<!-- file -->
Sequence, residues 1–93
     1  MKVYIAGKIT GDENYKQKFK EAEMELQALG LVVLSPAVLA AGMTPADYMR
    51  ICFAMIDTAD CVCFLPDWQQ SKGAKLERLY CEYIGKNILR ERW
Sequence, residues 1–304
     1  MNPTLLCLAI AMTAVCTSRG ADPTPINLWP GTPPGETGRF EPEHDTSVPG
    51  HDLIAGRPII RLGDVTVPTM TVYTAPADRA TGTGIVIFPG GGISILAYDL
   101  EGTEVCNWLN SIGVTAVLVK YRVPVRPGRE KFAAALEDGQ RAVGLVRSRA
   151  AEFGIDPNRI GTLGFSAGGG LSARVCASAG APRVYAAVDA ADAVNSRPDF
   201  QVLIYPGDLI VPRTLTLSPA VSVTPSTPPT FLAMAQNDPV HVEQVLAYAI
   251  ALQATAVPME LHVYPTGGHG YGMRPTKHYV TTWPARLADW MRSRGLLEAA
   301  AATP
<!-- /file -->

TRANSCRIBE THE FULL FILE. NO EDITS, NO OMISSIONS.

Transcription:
Sequence, residues 1–93
     1  MKVYIAGKIT GDENYKQKFK EAEMELQALG LVVLSPAVLA AGMTPADYMR
    51  ICFAMIDTAD CVCFLPDWQQ SKGAKLERLY CEYIGKNILR ERW
Sequence, residues 1–304
     1  MNPTLLCLAI AMTAVCTSRG ADPTPINLWP GTPPGETGRF EPEHDTSVPG
    51  HDLIAGRPII RLGDVTVPTM TVYTAPADRA TGTGIVIFPG GGISILAYDL
   101  EGTEVCNWLN SIGVTAVLVK YRVPVRPGRE KFAAALEDGQ RAVGLVRSRA
   151  AEFGIDPNRI GTLGFSAGGG LSARVCASAG APRVYAAVDA ADAVNSRPDF
   201  QVLIYPGDLI VPRTLTLSPA VSVTPSTPPT FLAMAQNDPV HVEQVLAYAI
   251  ALQATAVPME LHVYPTGGHG YGMRPTKHYV TTWPARLADW MRSRGLLEAA
   301  AATP